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Scientists are keeping a close eye on a big asteroid that may pose an impact threat to Earth in a few decades.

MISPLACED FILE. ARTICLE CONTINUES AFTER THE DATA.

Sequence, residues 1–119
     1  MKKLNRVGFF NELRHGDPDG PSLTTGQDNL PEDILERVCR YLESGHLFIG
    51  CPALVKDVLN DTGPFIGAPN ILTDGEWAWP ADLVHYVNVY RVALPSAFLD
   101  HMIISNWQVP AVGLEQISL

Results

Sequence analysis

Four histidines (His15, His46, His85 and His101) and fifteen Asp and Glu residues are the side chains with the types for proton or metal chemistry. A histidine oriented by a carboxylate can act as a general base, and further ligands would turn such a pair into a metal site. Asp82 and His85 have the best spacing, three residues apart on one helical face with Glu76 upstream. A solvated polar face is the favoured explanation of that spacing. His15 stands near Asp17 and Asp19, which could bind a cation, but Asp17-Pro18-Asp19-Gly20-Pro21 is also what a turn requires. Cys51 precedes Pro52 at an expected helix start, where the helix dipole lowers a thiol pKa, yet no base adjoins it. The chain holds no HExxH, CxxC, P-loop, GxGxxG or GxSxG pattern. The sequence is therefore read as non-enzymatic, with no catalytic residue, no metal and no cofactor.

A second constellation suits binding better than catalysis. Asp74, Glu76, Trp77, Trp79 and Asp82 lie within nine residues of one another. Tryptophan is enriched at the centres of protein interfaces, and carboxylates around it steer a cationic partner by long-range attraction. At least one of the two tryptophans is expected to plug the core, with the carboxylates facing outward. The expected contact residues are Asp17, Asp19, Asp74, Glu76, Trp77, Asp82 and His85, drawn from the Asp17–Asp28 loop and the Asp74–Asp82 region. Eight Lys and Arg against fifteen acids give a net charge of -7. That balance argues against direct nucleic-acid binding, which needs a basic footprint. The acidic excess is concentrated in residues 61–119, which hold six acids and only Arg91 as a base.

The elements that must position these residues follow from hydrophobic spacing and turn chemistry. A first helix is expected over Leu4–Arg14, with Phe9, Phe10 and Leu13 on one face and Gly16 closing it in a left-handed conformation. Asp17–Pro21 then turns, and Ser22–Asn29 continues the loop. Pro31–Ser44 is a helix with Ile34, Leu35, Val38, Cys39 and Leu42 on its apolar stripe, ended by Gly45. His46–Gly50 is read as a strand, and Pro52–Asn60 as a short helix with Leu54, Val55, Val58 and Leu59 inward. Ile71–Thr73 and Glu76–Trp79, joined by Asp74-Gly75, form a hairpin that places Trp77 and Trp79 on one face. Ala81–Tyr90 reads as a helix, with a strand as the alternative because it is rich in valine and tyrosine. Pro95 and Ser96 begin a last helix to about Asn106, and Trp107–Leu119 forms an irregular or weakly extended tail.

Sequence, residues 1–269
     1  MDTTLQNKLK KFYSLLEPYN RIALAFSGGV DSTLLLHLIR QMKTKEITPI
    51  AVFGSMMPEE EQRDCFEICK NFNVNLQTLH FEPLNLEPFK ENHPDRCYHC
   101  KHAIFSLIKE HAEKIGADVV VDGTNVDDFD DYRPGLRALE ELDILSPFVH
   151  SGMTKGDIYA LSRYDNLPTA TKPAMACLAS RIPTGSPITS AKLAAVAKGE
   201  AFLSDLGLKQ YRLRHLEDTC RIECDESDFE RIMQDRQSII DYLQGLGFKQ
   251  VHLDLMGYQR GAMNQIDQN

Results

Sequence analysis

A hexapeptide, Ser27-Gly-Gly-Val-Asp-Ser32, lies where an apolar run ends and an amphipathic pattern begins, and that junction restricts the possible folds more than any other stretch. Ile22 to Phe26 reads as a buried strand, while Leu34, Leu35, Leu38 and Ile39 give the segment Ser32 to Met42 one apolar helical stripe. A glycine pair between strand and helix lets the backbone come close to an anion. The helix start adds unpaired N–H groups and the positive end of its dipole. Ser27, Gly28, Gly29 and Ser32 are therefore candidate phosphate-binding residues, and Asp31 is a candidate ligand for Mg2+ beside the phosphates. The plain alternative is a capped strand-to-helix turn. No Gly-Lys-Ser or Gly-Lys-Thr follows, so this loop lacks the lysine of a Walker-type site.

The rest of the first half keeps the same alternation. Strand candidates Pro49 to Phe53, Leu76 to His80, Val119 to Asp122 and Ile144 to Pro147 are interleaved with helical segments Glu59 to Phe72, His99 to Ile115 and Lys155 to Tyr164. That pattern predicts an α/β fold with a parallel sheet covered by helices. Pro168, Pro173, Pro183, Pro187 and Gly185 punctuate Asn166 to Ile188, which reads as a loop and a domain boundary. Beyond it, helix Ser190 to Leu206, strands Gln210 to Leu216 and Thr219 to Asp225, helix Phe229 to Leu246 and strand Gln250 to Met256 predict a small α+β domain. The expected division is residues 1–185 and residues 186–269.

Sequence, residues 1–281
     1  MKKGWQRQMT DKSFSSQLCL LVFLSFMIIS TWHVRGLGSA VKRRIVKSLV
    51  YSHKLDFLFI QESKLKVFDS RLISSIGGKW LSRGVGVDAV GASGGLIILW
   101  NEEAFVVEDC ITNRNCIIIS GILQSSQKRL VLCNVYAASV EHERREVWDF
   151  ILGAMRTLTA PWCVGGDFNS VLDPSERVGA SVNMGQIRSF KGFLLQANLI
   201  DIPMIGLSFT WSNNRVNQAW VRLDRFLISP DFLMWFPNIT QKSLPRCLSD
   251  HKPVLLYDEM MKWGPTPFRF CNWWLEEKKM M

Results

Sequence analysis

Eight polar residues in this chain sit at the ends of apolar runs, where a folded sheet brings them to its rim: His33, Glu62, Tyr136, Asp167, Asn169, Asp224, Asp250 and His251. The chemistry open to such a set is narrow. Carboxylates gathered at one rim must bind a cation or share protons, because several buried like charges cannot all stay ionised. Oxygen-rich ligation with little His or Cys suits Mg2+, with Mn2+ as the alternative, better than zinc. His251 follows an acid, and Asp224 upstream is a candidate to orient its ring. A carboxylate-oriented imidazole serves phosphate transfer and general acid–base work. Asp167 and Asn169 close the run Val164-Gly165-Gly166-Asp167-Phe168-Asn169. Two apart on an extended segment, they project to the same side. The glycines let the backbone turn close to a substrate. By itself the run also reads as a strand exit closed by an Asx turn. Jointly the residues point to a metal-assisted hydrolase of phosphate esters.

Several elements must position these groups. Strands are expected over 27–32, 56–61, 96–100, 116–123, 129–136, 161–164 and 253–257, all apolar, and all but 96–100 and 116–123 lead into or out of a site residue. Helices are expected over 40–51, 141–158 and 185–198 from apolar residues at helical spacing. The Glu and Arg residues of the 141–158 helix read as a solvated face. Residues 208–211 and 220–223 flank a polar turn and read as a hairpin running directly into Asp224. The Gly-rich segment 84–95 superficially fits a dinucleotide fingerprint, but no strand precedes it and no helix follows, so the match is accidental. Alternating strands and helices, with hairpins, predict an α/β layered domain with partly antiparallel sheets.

The space rock, which is called 2011 AG5, is about 460 feet (140 meters) wide. It may come close enough to Earth in 2040 that some researchers are calling for a discussion about how to deflect it. The object was discovered in January 2011 by Mount Lemmon Survey observers in Tucson, Ariz. While scientists have a good bead on the space rock’s size, its mass and compositional makeup are unknown at present. The near-Earth asteroid 2011 AG5 currently has an impact probability of 1 in 625 for February 5, 2040, said Donald Yeomans, head of the Near-Earth Object Observations Program at NASA’s Jet Propulsion Laboratory in Pasadena, Calif. This impact probability isn’t set in stone, however. So far, researchers have been able to watch the asteroid for just a short time, the first nine months of 2011, and the numbers may change after further observation. 2011 AG5 may zip through such a keyhole on its close approach to Earth in February 2023, which will bring the asteroid within 0.02 astronomical units (1.86 million miles, or 2.99 million kilometers) of Earth. According to a JPL estimate, the 2023 keyhole, through which 2011 AG5 must pass in order for there to be a real chance of an Earth impact in 2040, is roughly 62 miles (100 km) wide. NASA Administrator Charles Bolden said that 2011 AG5 is high on NASA’s list of NEOs to monitor for impact hazard potential, adding that they take these duties very seriously. Bolden also noted the opportunities for highly accurate ground-based observations in the near future. Based on these observations, a more informed assessment can then be made on the need for any type of mitigation. Bolden also remarked that the asteroid makes an apparition in 2015, more than seven years before the close keyhole passage in 2023 that could set in motion an Earth impact in the 2040 time frame.